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Journal Article

Helminth Infection Reactivates Latent γ-herpesvirus Via Cytokine Competition at a Viral Promoter


Pearce,  Edward J.
Department Immunometabolism, Max Planck Institute of Immunobiology and Epigenetics, Max Planck Society;

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Reese, T., Wakeman, B., Choi, H., Hufford, M., Huang, S., Zhang, X., et al. (2014). Helminth Infection Reactivates Latent γ-herpesvirus Via Cytokine Competition at a Viral Promoter. Science, 345, 573-577. doi:10.1126/science.1254517.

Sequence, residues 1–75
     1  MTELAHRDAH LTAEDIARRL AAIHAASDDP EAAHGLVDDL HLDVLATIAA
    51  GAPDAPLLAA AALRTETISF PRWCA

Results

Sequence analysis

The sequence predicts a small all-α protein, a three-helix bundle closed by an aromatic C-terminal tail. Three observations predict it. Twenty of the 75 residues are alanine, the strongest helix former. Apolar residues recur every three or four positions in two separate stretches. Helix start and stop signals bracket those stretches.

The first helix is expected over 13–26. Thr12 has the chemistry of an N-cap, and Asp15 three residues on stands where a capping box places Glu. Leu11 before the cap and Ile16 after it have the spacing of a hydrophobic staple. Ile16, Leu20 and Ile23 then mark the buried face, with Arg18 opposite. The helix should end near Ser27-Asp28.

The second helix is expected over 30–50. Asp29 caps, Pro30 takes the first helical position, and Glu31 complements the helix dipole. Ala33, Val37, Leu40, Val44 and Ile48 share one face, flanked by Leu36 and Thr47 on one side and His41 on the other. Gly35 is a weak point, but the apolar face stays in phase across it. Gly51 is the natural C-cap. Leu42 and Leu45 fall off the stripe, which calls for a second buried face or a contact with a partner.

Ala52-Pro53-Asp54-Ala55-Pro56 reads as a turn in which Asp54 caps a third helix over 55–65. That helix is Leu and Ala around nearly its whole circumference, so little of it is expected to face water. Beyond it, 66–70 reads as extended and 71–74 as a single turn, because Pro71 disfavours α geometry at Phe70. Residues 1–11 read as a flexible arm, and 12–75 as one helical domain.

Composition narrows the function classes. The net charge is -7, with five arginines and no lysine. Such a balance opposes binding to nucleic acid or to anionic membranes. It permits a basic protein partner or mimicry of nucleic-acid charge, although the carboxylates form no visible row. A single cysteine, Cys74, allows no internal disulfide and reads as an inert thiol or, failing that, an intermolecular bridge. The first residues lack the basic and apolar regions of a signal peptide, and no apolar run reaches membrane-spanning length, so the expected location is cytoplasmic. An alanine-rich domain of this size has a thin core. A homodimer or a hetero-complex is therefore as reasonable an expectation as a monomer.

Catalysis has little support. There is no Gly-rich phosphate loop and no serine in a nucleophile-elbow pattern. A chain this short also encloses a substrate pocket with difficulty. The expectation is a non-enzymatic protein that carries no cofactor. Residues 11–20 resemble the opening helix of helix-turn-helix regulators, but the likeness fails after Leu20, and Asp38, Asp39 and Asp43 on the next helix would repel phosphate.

Cite as: https://hdl.handle.net/21.11116/0000-0006-B884-5
Mammals are co-infected by multiple pathogens that interact through unknown mechanisms. We found that helminth infection, characterized by the induction of the cytokine interleukin-4 (IL-4) and the activation of the transcription factor Stat6, reactivated murine gammaherpesvirus infection in vivo. IL-4 promoted viral replication and blocked the antiviral effects of interferon-γ (IFNγ) by inducing Stat6 binding to the promoter for an important viral transcriptional transactivator. IL-4 also reactivated human Kaposi's sarcoma associated herpesvirus from latency in cultured cells. Exogenous IL-4 plus blockade of IFNγ reactivated latent murine gammaherpesvirus infection in vivo, suggesting a ‘two-signal’ model for viral reactivation. Thus chronic herpesvirus infection, a component of the mammalian virome, is regulated by the counterpoised actions of multiple cytokines on viral promoters that have evolved to sense host immune status.